If you're facing eviction due to Covid-19 related problems, we're offering a limited-time special program designed to help out. This program is not available to the general public and certain restrictions will apply. Contact us via email or call 800-372-4125 for further information.
It's just heartbreaking.
As businesses reopen across the country, so are eviction courts, ushering in an unprecedented crush of evictions. Countless Americans may be staring down homelessness, along with a possible second wave of the pandemic.
Here in Florida,, and throughout the US, eviction moratoriums were put into place, baring landlords from throwing tenants out on the streets.
All that is set to expire in the upcoming weeks and months.
As evictions, both legal and illegal, ramp up in the United States they are likely to disproportionately impact a population that has already been devastated by the coronavirus - African Americans. In 17 states, black women are twice as likely to be evicted as white renters, according to statistics from the American Civil Liberties Union.
"It is heartbreaking, just heartbreaking," says Chaz Stevens, Founder of ESAD Int'l. "Depression, anxiety, and stress are about to skyrocket. I'm hoping the Republican controlled Senate can get off its duff and pass the House-passed HEROES Act, which includes $100 billion in emergency rental assistance."
Pandemic on the Upswing.
Back in middle to late March, with the pandemic on the upswing, most local or state governments put a hold on evictions, which provided both a backstop for just-out-of-work renters and a firewall against further spread of the virus.
Now for the bad news, as moratoriums are coming to an end:
- 40% of states no longer offer renters any protection.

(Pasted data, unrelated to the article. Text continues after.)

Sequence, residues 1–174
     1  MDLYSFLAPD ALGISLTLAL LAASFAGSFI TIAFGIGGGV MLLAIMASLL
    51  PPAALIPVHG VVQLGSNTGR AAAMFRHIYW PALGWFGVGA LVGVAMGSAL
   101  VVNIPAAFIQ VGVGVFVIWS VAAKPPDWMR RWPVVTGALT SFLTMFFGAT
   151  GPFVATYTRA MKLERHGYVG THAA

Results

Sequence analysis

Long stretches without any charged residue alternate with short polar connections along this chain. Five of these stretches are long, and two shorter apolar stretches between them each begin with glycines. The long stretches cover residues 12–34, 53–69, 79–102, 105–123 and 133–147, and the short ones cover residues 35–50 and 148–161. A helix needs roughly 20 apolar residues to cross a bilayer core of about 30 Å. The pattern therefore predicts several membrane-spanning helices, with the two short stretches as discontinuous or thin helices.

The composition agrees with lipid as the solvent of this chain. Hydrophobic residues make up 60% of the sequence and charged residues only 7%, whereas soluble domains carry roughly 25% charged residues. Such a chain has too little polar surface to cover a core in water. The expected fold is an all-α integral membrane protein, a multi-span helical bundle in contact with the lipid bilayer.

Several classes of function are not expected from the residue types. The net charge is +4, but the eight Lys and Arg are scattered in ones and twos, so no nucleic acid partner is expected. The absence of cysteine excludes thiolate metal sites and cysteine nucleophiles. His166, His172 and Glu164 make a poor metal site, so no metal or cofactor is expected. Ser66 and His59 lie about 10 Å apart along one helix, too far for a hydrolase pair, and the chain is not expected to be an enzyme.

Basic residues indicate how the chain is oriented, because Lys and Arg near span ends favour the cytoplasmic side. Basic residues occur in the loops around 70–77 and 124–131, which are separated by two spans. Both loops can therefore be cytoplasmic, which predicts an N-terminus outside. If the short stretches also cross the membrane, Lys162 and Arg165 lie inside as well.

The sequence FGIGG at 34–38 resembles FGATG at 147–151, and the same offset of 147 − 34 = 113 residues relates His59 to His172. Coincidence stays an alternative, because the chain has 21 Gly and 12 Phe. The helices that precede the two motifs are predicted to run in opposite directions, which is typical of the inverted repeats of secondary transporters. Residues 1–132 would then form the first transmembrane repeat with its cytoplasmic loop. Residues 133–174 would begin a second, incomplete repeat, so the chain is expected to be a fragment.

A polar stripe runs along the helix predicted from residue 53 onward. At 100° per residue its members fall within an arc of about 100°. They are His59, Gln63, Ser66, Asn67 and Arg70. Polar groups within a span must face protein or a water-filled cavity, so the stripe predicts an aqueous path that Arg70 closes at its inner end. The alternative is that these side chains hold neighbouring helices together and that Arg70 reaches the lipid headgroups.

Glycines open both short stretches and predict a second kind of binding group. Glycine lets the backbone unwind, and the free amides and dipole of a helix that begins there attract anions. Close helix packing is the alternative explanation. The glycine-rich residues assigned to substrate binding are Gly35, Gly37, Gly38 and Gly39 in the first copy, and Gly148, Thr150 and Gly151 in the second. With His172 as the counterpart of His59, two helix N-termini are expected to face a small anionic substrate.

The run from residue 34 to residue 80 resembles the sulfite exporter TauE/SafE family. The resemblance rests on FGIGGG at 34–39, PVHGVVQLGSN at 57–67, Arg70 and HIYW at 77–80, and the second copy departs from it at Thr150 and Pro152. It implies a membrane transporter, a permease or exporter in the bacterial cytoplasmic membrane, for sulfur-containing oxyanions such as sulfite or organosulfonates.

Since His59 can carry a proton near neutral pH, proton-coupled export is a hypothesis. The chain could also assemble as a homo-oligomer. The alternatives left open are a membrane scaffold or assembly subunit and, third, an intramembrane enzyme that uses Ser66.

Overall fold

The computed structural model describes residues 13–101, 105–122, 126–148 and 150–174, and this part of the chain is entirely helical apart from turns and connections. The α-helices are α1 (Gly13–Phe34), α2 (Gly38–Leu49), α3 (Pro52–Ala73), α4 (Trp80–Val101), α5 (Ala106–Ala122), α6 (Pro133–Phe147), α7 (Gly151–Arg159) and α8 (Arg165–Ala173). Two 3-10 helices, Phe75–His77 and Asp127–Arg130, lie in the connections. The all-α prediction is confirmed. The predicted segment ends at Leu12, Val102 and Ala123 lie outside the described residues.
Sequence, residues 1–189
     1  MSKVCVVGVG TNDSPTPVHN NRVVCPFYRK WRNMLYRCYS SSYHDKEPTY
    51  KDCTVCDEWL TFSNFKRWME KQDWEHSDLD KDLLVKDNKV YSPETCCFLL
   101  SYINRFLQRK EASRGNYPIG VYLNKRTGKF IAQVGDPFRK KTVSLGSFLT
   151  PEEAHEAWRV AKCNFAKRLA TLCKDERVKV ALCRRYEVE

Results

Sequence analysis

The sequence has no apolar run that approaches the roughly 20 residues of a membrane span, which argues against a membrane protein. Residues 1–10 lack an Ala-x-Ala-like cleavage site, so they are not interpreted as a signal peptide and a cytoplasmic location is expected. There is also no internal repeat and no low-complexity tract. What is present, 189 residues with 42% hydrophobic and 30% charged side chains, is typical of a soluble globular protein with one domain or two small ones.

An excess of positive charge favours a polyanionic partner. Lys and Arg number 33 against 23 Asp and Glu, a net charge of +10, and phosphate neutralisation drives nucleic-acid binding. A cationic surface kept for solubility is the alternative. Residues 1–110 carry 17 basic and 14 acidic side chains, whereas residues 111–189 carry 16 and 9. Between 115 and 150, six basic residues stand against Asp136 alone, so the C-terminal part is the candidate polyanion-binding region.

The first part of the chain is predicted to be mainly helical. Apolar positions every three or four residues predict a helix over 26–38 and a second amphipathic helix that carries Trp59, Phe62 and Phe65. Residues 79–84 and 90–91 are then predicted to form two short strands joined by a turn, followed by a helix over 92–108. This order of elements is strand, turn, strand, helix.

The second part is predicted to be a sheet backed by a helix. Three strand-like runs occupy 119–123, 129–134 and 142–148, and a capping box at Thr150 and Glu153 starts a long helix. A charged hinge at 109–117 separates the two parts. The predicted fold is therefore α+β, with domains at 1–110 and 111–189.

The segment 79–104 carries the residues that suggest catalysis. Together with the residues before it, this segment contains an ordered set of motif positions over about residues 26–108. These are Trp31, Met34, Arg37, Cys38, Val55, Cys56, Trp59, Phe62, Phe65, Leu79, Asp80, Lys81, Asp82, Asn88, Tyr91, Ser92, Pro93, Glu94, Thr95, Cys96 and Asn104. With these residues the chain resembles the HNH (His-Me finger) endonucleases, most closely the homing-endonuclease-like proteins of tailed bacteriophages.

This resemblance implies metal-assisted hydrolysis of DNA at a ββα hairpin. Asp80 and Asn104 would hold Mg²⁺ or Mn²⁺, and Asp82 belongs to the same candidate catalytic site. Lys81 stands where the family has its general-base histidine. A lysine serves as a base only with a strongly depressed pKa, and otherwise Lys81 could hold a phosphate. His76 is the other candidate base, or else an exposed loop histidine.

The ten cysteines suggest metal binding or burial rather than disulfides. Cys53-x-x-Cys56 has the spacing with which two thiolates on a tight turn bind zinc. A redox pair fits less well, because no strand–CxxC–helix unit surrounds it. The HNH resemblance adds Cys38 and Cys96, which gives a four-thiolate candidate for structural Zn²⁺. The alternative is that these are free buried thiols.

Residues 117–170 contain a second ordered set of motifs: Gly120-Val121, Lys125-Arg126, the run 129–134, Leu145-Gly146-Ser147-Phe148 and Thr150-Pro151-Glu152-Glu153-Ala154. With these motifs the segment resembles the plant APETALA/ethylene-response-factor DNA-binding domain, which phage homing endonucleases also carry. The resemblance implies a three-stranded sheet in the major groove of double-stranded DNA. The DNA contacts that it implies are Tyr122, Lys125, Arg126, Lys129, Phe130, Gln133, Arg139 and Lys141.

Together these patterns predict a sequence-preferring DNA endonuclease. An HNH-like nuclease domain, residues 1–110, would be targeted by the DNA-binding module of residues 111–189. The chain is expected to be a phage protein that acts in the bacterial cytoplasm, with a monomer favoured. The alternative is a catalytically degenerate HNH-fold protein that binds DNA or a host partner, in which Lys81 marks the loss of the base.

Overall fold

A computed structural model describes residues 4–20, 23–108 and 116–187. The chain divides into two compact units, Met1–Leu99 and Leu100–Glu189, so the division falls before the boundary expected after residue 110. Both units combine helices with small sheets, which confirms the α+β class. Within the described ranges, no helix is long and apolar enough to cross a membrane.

- The CARES Act protections only apply to less than one-third of the country's 108 million renters.
Missouri, like eight other states, never offered a single drop of eviction protection, pushing the decision down to county and city authorities.
Unfortunately, the odds are stacked against renters, as a study of eviction court outcomes in Kansas City from 2006-2016 showed that over 99% eviction cases went against the tenant.
Qualifying for an Emotional Support Animal.
Typically cats and dogs, through their companion and affection, an emotional support animal helps to lessen the symptoms of a mental disability. Governed by various Federal laws, FHA and ACAA, an Emotional Support Animal requires no formal training (unlike a service dog).
A legitimate ESA letter isn't something you get off the shelves of your local Petco. This isn't a certificate, a leash, a harness, none of that.
Sure, you can save a few bucks and take a chance on bogus products that are likely to raise red flags along with your blood pressure. But keep in mind, HUD is cracking down, the airlines are cracking down, landlords also -- and all with good reason. So, don’t take a chance with subpar products because they cost less. We’re earned our reviews with hard work, compassionate care, and doing everything by the book.
Whatever decision you make, we wish you all the best and good health.
Get Your Emotional Support Animal.
The new rules are an update to the Fair Housing Act (FHA) that sought to equalize the ability of people with disabilities to enjoy housing. Under the law, housing providers had to exempt those with disabilities from “no pet” rules and pet fees. But some of the gaps in the rules have been abused by those simply trying to bypass pet rules and fees. Others who are providing the letters have exploited uneducated consumers.
Some in the industry are applauding the new restrictions.
“Twenty-two dollar documents, deceitful business practices, unlicensed and unethical therapists, pets becoming service animals by clicking ‘submit’ — I see it every day,” said Chaz Stevens, CEO and founder of ESAD Int'l., which offers emotional support animal letters worldwide. He’s concerned the fake operators will undermine the legitimacy of a vital service, a lifeline, really, for the truly disabled who legitimately need accommodations.
“It’s about time Uncle Sam sent in the cavalry,” he added.
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We cannot and will not provide legal advice.